When it comes to working with leaders on the topic of role definition, the coaching conversation will flow much like the one I described above. The leader will look inward and think about their own role, how they connect to it, and what gaps exist. Once the leader feels clear and comfortable with their own role and what it entails, they will be ready to engage with their team to support the creation of a team-wide shared role understanding. The leader will operate with a coach-mindset and will start the conversation with a simple yet powerful question like: “How would you describe your role to someone outside the team?” This provides the team with the space to think deeply about their roles and positions the leader as a support rather than an authority.

Laura English

I like how leading someone through their own role descriptions provides clarity and insight not only for themselves but for their ability to lead a team. It also seems to help with building empathy and connection with team members. Of course, I strongly believe that a coaching mindset for a leader builds stronger connections for team members both for their individual understanding of their role and for common understanding between the leader and the team member.

Sean Miller
Laura, how does Empowerment show up with your clients?
Laura English

Empowerment in a team setting is how successful work gets done and how team members feel valued. At its core, coaching breeds empowerment for the leader and those benefits can be extended to teams especially when leaders see the positive outcomes.

In this Huffington Post article, the author describes four elements of empowerment: meaningfulness, impact, independence and power. I believe in working with my clients the core intention is to achieve those concepts through articulating what they want (meaningfulness), what will be different when they have what they want (impact), defining the path that best suits their strengths and talents (independence) and acknowledging and celebrating the achievements along the way (power).

By working with a coach to transform a desired state into a reality, leaders can extend that same thinking process for their team which helps them to feel empowered and inspired to support the team to achieve success.

Sean Miller

Empowerment at its core, is a feeling that someone trusts and believes in you to “get the job done in a way you think is best.” As a coach, you provide that feeling to your clients, and through that experience they gain the insight of how it can benefit their teams.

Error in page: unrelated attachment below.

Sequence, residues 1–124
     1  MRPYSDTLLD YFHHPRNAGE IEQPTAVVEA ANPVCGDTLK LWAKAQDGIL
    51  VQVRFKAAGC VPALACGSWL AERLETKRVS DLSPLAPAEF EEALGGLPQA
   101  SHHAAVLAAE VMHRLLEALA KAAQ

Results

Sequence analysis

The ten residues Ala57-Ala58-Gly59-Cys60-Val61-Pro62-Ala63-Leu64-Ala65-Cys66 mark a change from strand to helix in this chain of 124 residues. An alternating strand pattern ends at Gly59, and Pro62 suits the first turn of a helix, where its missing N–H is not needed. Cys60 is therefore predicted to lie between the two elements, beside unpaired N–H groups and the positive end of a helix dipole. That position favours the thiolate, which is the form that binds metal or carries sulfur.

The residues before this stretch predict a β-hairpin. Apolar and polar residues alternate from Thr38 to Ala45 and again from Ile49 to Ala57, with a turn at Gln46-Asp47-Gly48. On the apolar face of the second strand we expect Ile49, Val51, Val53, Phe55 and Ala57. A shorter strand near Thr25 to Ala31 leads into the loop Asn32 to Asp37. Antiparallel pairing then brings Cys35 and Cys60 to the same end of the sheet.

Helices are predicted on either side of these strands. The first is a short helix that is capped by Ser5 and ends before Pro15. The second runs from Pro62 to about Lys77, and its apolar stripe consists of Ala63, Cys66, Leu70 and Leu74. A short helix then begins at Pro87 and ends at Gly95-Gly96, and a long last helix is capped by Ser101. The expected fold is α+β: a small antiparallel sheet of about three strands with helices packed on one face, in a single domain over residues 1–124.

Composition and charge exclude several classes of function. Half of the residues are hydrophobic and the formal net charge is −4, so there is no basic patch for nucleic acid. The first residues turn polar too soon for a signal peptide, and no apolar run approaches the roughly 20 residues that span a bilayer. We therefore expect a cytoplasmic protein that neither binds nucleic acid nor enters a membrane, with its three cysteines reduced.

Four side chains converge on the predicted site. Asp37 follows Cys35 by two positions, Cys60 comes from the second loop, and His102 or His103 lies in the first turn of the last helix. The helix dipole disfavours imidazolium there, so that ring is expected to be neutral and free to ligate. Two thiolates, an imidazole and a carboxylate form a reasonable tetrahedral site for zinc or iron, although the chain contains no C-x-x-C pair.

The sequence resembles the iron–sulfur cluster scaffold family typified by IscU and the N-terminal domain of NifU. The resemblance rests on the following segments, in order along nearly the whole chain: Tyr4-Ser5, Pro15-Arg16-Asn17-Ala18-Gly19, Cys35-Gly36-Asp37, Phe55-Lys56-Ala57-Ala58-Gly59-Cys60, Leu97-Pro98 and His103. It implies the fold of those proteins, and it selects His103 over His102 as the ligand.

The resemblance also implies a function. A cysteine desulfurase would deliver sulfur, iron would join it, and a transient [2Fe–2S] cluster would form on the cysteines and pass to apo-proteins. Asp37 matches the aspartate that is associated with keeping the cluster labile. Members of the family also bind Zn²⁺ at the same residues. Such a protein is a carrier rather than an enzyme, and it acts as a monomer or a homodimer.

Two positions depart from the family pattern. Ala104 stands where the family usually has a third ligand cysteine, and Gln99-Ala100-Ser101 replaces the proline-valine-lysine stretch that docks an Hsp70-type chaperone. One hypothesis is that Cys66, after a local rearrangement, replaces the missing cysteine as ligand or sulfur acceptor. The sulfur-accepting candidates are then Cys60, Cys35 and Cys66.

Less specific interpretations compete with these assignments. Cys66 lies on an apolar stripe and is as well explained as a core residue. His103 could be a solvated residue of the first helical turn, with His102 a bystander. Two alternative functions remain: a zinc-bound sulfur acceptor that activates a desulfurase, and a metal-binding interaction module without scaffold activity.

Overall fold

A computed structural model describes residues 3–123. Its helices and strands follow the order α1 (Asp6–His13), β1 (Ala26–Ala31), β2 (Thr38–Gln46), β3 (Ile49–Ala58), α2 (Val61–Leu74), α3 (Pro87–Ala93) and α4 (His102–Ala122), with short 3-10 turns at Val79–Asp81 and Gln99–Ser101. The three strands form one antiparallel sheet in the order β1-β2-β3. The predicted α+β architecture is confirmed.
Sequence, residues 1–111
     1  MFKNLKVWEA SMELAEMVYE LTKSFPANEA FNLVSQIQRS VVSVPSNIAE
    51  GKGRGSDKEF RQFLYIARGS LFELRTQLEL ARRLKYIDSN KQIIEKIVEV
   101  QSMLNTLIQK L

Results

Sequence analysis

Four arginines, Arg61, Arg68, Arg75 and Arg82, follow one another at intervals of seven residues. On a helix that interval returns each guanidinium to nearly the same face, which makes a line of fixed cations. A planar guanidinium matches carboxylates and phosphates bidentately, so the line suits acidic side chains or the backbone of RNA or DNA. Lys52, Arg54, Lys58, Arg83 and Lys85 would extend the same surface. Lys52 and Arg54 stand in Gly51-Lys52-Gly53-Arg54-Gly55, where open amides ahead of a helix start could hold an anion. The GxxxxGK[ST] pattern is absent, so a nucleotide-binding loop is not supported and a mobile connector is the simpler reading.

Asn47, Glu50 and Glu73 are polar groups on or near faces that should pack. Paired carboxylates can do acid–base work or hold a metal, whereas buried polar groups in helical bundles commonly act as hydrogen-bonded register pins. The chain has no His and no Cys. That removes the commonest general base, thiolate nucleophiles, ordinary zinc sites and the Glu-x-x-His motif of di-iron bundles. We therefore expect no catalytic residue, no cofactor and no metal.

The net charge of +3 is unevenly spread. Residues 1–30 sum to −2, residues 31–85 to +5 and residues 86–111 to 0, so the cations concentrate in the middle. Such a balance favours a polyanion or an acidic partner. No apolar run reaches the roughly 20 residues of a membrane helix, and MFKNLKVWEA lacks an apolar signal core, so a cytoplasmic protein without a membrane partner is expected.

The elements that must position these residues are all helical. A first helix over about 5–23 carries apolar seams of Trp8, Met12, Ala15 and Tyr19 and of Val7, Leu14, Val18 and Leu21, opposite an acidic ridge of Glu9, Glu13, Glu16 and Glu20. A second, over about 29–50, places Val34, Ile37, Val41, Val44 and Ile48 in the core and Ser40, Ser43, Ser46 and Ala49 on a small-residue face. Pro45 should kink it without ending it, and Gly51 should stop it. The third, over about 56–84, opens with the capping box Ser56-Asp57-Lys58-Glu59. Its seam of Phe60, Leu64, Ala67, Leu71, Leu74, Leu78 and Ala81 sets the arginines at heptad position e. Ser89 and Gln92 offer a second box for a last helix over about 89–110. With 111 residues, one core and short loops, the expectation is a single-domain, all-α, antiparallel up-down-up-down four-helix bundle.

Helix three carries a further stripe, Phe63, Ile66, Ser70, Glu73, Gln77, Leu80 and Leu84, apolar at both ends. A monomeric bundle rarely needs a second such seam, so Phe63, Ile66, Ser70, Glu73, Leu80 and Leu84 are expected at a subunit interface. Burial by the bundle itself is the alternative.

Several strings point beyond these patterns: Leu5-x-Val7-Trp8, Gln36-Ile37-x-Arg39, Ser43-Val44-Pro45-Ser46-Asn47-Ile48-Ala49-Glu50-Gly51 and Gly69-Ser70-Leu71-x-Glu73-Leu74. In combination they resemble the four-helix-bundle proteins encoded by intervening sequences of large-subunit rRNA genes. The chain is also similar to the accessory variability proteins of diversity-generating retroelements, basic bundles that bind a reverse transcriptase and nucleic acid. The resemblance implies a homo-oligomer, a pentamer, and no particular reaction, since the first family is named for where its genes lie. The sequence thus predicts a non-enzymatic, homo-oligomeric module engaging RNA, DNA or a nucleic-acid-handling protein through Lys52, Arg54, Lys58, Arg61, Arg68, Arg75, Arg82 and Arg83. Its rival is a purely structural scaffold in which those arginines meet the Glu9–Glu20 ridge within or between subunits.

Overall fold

Are you thinking that your team values and personal values are misaligned? Do you have values for your team at all? Are you looking for support in how to develop a vision and/or inspire your team to align with it? Are you battling between your tactical needs versus setting the course for the future?

You are welcome to take advantage of a 30-minute coaching session with one of our Evans coaches! Please enter your information below and we will contact you to get you scheduled for your complimentary Coaching Session.

Word UP! Two Evans Coaches reflect on a word

It is Evans’ belief that High Performing Teams require High Performing Leaders and therefore leadership development is a strong component of creating high performing teams. Leadership coaching serves as a valuable tool for enhancing a leader’s capacity to build, empower, and sustain a high performing team. Laura English and Sean Miller are two of Evans Incorporated’s certified leadership coaches. They specialize in coaching leaders at all levels from emerging, newly promoted, and experienced on a wide variety of topics across industries and organizations.

In this series, Laura and Sean are challenging each other to share their thoughts, insights and coaching experiences on topics related to High Performing Leaders using a word association exercise. They believe that new learning connections are generated when the brain is challenged (i.e., responding to a “surprise” word) and they know that there is “power is in the conversation” (i.e., each will give a response to the other’s story). We hope their stories and insights will inspire you to take charge of your leadership growth!